Richard James Oglesby

Richard James Oglesby (July 25, 1824 April 24, 1899) was a U.S. soldier and political figure. He served in the Mexican-American War and was a major general in the Union Army during the American Civil War. He served Illinois in the legislature, including three terms as the governor, and then was a U.S. Senator.

Early years

Oglesby was born in Floydsburg, Oldham County, Kentucky. He was orphaned and moved to live with his uncle in Decatur, Illinois, in 1832, where he later worked as a farmhand, ropemaker, and carpenter. He was commissioned a first lieutenant in the 4th Illinois Infantry regiment in 1846 during the Mexican-American War, but saw no combat. He was mustered out of the volunteer service in May 1847. He studied at Louisville Law School in 1848, but traveled to California for the gold rush in 1849, where he tried his hand at gold mining. After two years of traveling in Europe, he returned to Illinois in 1851, joined the Republican Party at its formation, ran unsuccessfully for the U.S. Congress in 1858, and was elected to the Illinois Senate in 1860.

Civil War

At the start of the Civil War, Oglesby was appointed Colonel of the 8th Illinois Infantry regiment on April 25, 1861, and was soon given command of the 1st Brigade, 1st Division, District of Cairo, Department of the Missouri, serving under the command of Ulysses S. Grant. He was a well liked commander known to his troops as "Uncle Dick". He commanded his brigade at the battles of Fort Henry and Fort Donelson and soon after was promoted to brigadier general (March 21, 1862). He commanded the 2nd Brigade, 2nd Division, Army of the Tennessee, during the siege of Corinth. He was severely wounded in his chest and back at the battle of Corinth in October 1862.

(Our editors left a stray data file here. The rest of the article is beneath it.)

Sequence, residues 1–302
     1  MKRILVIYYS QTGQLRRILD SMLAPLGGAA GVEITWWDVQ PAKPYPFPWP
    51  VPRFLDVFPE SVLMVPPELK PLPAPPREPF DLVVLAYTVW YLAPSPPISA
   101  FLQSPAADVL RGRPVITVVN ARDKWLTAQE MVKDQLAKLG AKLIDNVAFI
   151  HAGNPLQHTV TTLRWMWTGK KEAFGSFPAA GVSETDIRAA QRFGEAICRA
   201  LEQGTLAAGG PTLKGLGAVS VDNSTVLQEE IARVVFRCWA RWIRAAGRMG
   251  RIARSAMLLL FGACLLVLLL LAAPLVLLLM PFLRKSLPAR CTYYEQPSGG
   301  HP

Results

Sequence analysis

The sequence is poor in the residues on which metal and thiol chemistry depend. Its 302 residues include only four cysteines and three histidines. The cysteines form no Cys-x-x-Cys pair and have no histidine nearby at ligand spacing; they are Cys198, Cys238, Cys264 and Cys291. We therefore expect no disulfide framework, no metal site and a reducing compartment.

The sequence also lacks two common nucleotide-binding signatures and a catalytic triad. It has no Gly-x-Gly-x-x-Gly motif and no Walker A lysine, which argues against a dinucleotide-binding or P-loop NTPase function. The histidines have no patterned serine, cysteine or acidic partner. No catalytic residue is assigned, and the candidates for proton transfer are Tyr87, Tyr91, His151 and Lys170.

Oglesby was promoted to major general on November 29, and after a period of recovery, commanded the Left Wing of the XVI Corps, Army of the Tennessee, in western Tennessee and northern Mississippi from April to July 1863. He resigned his commission on May 26, 1864, to run for governor on the Republican ticket.

Illinois politics

Oglesby was elected by a large majority and served as the Governor of Illinois between 1865 and 1869. After his term ended, he practiced law until 1872, when he agreed to a scheme in which Oglesby ran again for governor, but turned the office over to the lieutenant governor immediately after inauguration in return for a seat in the U.S. Senate. He served as a Senator from 1873 until 1878. In 1884 he was reelected governor for a third time, becoming the first man in Illinois history to serve three times as governor. At the end of his term, he tried unsuccessfully to be reelected to his Senate seat and spent his remaining years in retirement. He died at his "Oglehurst" estate in Elkhart, Illinois, which burned down after being transferred to the city recently. He is buried there in Elkhart Cemetery. There is a statue of Oglesby in Lincoln Park, Chicago.

His son, John G. Oglesby, was a two time Lieutenant Governor of Illinois.

See also


  • Eicher, John H., and Eicher, David J., Civil War High Commands, Stanford University Press, 2001, ISBN 0-8047-3641-3.
  • Plummer, Mark A., Lincoln's Rail Splitter: Governor Richard J. Oglesby, University of Illinois Press, 2001, ISBN 0-252-02649-7.
  • Warner, Ezra J., Generals in Blue: Lives of the Union Commanders, Louisiana State University Press, 1964, ISBN 0-8071-0822-7.


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